> 
> That's all the gasoline I have for now. Someone else
> please (civily) throw the match.
> 
> p.
> 
> At 02:02 AM 4/10/2009, Steven Carter wrote:
> > Book Arts cannot be thought of as marginalized in the
> same way that the queer community has been.  For starters
> making books is simply one means of artistic expression.  It
> is not so deeply intertwined with identity as sexual
> orientation.  I would think it would be an insult to the
> queer community to try to place them on similar ground.  The
> one is a learned art, skill, practice, action (whatever you
> want to call it); the other is something of far greater
> import and consequence in society.  My intention is not to
> scorn Book Arts here, but I've never heard of anyone
> being disowned, publicly ridiculed, even killed for making
> books.  Perhaps if the books were inflammatory in some way
> that would be one thing, but the mere action of making books
> has by no means created any waves in the world community and
> society at large.  Book Arts may be snubbed by a few (or
> many) critics, but it's not as though anybody is going
> to picket so that artist's will stop making books.  The
> Art World doesn't care that much.  To say "Book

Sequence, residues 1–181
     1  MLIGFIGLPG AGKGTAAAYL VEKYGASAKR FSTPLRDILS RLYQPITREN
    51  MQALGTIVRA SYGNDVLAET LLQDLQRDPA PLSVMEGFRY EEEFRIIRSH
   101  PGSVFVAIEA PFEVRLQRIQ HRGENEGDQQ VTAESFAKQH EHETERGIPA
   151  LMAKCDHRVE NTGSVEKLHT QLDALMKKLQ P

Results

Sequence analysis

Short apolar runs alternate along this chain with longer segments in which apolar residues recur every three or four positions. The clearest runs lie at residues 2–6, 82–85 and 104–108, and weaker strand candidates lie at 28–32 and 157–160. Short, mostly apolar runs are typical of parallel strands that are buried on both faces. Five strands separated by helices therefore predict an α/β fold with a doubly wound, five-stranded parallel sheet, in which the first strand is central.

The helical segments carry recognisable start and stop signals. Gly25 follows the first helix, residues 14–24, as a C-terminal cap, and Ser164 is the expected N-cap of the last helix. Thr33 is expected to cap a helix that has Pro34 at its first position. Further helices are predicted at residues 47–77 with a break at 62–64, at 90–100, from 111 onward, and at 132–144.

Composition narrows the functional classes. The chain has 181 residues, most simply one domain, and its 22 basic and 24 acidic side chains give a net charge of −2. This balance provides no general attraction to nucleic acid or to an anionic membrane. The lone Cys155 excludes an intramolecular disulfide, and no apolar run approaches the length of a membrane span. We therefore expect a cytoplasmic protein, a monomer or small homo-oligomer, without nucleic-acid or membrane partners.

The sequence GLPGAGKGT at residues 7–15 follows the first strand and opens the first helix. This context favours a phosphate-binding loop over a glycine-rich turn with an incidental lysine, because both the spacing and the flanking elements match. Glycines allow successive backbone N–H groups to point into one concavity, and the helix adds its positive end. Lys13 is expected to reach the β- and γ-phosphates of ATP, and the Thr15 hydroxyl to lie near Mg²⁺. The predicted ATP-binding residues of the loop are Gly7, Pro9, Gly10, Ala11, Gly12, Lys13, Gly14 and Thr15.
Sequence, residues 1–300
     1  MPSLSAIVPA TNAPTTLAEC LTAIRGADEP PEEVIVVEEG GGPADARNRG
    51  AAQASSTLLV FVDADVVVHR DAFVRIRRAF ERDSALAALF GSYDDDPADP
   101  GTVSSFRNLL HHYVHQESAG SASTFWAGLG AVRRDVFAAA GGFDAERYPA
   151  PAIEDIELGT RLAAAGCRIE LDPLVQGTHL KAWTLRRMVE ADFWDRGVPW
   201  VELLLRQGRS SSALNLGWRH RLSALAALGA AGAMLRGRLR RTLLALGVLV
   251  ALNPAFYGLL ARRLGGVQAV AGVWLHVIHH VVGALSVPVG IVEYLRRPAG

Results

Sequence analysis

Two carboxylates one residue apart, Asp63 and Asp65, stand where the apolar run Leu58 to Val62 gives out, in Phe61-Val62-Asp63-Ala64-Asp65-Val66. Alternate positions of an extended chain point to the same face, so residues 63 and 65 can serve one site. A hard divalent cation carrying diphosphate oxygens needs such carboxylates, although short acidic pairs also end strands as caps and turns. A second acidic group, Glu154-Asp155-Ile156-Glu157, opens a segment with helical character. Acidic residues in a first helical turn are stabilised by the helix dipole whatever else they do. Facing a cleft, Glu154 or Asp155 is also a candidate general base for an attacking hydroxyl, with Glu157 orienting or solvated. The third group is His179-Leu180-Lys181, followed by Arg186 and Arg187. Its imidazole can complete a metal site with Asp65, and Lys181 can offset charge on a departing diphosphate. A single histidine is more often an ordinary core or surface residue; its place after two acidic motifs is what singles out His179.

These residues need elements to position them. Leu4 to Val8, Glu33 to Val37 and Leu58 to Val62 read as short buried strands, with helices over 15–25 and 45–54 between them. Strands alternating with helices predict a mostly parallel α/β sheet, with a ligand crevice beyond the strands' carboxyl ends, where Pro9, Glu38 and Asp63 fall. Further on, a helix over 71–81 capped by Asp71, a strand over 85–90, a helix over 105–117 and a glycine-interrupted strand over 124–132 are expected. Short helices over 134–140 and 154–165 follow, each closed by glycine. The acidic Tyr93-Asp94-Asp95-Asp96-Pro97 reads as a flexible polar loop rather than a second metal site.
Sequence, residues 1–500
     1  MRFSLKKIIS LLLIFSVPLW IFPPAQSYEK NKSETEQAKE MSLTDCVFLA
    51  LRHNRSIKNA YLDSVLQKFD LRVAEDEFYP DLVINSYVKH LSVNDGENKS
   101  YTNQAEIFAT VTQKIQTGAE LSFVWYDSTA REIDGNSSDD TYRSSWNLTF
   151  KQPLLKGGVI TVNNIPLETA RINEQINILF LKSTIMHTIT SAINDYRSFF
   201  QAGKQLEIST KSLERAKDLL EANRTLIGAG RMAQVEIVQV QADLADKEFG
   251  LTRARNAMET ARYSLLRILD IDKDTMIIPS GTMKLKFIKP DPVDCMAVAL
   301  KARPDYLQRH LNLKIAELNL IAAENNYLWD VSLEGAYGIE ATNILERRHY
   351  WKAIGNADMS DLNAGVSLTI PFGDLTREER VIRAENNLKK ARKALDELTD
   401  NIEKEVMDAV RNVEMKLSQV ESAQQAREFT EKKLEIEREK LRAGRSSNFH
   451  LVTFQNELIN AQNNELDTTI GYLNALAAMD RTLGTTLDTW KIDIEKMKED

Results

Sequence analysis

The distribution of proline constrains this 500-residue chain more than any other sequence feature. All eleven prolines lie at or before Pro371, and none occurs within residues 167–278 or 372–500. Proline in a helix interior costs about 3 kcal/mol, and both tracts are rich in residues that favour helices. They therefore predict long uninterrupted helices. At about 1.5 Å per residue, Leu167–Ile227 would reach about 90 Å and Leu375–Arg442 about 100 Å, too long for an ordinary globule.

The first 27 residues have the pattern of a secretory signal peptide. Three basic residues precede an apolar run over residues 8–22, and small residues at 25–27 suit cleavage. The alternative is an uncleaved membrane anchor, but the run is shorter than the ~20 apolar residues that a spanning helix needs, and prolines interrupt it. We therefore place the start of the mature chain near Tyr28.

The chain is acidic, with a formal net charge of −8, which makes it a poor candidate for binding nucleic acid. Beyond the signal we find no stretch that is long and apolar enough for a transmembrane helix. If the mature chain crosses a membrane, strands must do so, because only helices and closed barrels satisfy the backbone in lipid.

> Arts are ignored by the Art World," may be a true
> statement.  But there is a vast difference between an
> artistic expression (not an individual) being ignored or
> even criticized, and a group of people being accepted or not
> accepted, hated or loved (in the most conclusive and drastic
> sense) by society and the world based on behavior that is
> linked deeply to identity and life itself.  It's like
> trying to draw a comparison between telemarketers and
> snoring.  Yes, they can both get on your nerves, but other
> than that, there's not much basis for comparison.
> 
> 
> __________________________________
> 
> Peter D. Verheyen
> Bookbinder & Conservator, PA - AIC
> <verheyen@xxxxxxxxxxxxxxx>
> The Book Arts Web & Book_Arts-L Listserv
> <http://www.philobiblon.com>
> The Bonefolder: an e-journal for the bookbinder and book
> artist
> <http://www.philobiblon.com/bonefolder>
>